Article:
Then a sound disturbed the quiet. He hesitated, tensed, listening.
A crying baby? He hadn’t seen Sam around much; surely she hadn’t had a baby without his knowing.
He pivoted to search for the child and realized the cry had come from upstairs. He slowly moved toward the staircase, but glanced in the dining room first just to make sure it was empty. Satisfied the downstairs was clear, he tiptoed up the steps, pausing to listen. If the intruder had Sam up there, he wanted to catch him off guard.
But just as he turned the corner of the staircase, a shadow moved in front of him. He reacted instantly and raised the gun. “Police, freeze.”
A strangled yelp made him pause, then an object swung down. He jumped back to dodge the blow, and the object connected with the floor.
What the hell?
He flipped on the light aiming his gun at the source, then Sam screamed.
His heart hammered. “Sam! For God’s sake, I could have shot you.”
She pulled back, her eyes huge in her pale face. “John?”
He heaved a breath, trying to control his raging temper. She could have killed him with that damn bat.
“Did you see anyone?” she whispered shakily.
Feeling like a heel for yelling at her, he reached out and stroked her arms. Her dark curly hair was tousled, her cheeks flushed, and fear glimmered in her vibrant brown eyes. “No. It looks like the intruder went out the back door.”
“There was blood,” she whispered. “Someone’s blood?.”
He pulled her up against him, surprised at how soft she felt when she was such an athlete, was so well-toned. “I know, but it’s all right,” he murmured. “I’mhere now.”
She allowed him to soothe her for a brief second, then Sam suddenly pulled away as if she realized she’d let down her guard and shown a weakness by letting him touch her.
He stiffened. What was wrong with him? He had a job to do, and this was Samantha Corley, Miss Cool and Independent.
Although he had to admit that he’d liked the way she felt up against him.
“I’m sorry, I was just shaken for a moment.” Sam blushed and squared her shoulders, chastising herself for acting so wimpy. But the thought that the little baby might have been in danger frightened her.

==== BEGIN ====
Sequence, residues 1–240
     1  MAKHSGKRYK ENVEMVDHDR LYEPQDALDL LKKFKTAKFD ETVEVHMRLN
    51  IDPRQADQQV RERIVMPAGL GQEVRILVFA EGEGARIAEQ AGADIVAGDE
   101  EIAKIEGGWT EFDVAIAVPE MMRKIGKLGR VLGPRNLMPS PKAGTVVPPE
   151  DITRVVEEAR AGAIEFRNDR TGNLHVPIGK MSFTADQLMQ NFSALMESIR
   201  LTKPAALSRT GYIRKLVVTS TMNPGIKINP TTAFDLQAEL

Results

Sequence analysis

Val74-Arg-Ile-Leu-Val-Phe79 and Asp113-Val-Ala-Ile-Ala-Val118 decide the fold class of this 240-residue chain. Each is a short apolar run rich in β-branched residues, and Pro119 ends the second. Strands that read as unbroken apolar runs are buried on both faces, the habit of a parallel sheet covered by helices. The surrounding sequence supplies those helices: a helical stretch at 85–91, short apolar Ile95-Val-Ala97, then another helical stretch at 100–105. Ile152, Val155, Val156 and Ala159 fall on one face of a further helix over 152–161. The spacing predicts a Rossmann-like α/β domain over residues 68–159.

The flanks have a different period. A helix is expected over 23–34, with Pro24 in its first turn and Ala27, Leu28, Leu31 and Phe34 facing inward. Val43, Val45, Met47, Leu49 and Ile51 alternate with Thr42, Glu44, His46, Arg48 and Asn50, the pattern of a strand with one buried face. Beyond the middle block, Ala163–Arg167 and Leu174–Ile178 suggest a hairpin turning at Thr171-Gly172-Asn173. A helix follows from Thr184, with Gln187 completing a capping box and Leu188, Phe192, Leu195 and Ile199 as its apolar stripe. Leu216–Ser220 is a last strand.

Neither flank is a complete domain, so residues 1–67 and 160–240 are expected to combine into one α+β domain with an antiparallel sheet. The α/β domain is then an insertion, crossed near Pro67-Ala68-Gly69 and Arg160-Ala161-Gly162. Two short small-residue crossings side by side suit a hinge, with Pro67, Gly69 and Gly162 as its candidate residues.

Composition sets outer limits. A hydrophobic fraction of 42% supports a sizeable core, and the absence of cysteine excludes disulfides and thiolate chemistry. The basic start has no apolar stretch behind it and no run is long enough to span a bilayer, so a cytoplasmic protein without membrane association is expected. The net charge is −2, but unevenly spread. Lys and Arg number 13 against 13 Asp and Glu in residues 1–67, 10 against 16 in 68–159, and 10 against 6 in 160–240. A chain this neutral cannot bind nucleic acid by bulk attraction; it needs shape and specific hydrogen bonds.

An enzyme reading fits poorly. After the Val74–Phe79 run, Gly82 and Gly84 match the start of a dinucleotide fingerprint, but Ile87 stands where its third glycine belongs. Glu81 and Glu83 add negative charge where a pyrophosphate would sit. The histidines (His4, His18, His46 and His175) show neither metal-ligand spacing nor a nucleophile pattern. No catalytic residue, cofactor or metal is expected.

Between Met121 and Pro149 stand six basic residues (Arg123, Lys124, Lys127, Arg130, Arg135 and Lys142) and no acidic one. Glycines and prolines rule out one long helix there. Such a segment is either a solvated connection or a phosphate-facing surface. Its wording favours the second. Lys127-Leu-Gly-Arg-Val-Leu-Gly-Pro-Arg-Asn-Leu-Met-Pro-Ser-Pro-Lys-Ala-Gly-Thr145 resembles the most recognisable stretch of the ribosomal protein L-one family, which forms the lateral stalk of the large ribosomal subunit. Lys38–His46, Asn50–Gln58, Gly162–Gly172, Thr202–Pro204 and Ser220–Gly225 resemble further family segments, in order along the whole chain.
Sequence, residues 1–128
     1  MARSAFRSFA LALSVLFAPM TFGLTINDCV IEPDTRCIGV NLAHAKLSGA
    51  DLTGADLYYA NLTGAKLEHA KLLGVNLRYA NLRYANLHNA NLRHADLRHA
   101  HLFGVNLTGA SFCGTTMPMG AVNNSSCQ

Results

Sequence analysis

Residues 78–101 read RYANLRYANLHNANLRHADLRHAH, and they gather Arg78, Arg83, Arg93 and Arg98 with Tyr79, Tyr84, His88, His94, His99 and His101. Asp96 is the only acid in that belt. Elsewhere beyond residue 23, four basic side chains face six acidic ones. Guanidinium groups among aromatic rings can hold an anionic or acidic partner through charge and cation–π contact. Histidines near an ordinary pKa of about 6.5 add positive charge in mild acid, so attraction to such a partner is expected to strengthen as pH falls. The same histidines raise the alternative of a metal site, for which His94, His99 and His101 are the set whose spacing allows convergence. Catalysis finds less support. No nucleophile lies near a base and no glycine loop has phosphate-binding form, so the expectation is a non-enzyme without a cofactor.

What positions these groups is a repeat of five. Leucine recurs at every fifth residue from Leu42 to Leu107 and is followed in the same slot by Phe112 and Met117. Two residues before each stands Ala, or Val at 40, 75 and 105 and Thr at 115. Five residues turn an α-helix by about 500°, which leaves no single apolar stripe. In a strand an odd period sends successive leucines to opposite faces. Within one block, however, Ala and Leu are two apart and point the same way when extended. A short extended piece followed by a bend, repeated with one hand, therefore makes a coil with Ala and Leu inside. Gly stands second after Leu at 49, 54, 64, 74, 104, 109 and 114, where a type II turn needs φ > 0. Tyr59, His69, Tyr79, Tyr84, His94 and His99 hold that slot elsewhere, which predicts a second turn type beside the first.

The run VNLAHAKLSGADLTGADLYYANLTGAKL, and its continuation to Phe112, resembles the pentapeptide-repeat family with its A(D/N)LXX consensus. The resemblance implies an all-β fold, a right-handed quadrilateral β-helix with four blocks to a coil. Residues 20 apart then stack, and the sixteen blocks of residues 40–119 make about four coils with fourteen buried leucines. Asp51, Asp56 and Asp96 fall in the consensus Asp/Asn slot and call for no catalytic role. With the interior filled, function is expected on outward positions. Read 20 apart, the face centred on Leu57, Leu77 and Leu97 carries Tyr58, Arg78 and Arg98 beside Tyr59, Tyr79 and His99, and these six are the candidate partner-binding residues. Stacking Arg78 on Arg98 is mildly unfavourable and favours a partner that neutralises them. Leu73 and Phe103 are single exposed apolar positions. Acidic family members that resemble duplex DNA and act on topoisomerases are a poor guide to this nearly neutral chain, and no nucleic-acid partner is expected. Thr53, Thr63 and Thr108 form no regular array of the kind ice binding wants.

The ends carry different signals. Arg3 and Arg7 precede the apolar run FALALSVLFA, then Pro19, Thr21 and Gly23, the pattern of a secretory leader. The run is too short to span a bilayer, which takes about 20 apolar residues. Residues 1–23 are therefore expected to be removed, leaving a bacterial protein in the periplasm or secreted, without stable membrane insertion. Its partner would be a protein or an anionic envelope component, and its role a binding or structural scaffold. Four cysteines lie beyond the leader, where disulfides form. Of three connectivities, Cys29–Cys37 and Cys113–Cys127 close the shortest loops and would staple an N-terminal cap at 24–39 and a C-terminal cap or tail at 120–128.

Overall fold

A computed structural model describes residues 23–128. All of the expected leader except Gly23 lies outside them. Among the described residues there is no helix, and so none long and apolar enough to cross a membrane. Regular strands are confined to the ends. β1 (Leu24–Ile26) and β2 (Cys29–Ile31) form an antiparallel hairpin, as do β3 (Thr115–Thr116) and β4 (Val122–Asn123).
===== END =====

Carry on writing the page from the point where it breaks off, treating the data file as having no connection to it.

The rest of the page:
“Don’t sweat it,” he said. “Let’s go sit down and you can tell me what happened.”
She nodded, but the little girl whimpered from the bedroom again, and she whirled around. “Let me get the baby.”
“Baby?” his gruff voice echoed behind her as he followed her into her bedroom.
He paused at the doorway as if uncomfortable entering her private room, then cleared his throat and walked on in, following her to the closet.
She opened the door, then knelt and scooped up the whimpering child in her arms. “Shh, sweetheart, it’s all right. I’ll take care of you.”
“Good grief, Sam, what’s going on? You have a baby in the closet?”
She wrapped the blanket snugly around the child and patted her back as she turned to him. “Whoever was here, the mother maybe, left her in my room.”
Shock strained his features for a brief second, then she saw the wheels turning in his mind. “I see.”
She swallowed, cradling the infant to her chest, then gestured toward the diaper bag as the little girl began to fuss. “Can you grab that and bring it downstairs? She might be hungry. I’ll give her a bottle.”
He gave a clipped nod, then yanked the frilly pink bag up with one hand as if it were a snake, and she almost laughed.
She started toward the stairs, but John reached out a hand to stop her. “Let me go first just in case the intruder decided to return.”
Her chest tightened, but she nodded. He braced his gun again as they descended the steps, his gaze scanning the foyer and rooms, but the house appeared to be empty.
She headed to the kitchen, but again he stopped her. “That room is a crime scene now, Sam. You can’t go inside.”
She bit her lip and jiggled the baby up and down. “But the baby needs to be fed.”
He shifted, looking uncomfortable, then glanced into the kitchen, which adjoined the den. “All right. Sit down in the den and tell me what to do. We can’t touch the blood or door. I want a crime unit to process the kitchen for forensics.”
She nodded, took two steps and settled in the rocking chair, cradling the baby to her and rocking her.
“Let me call for backup first.” He phoned the station. “I need a crime scene unit out at Samantha Corley’s house along with officers to search the woods.” He hesitated and glanced at Sam. “And bring the bloodhounds. We might be looking for a body.”
A shudder coursed through her as he disconnected the call. Then he turned to her with a helpless expression as he searched the diaper bag and pulled out a plastic bottle. “No ID or wallet inside. What do I do with the bottle?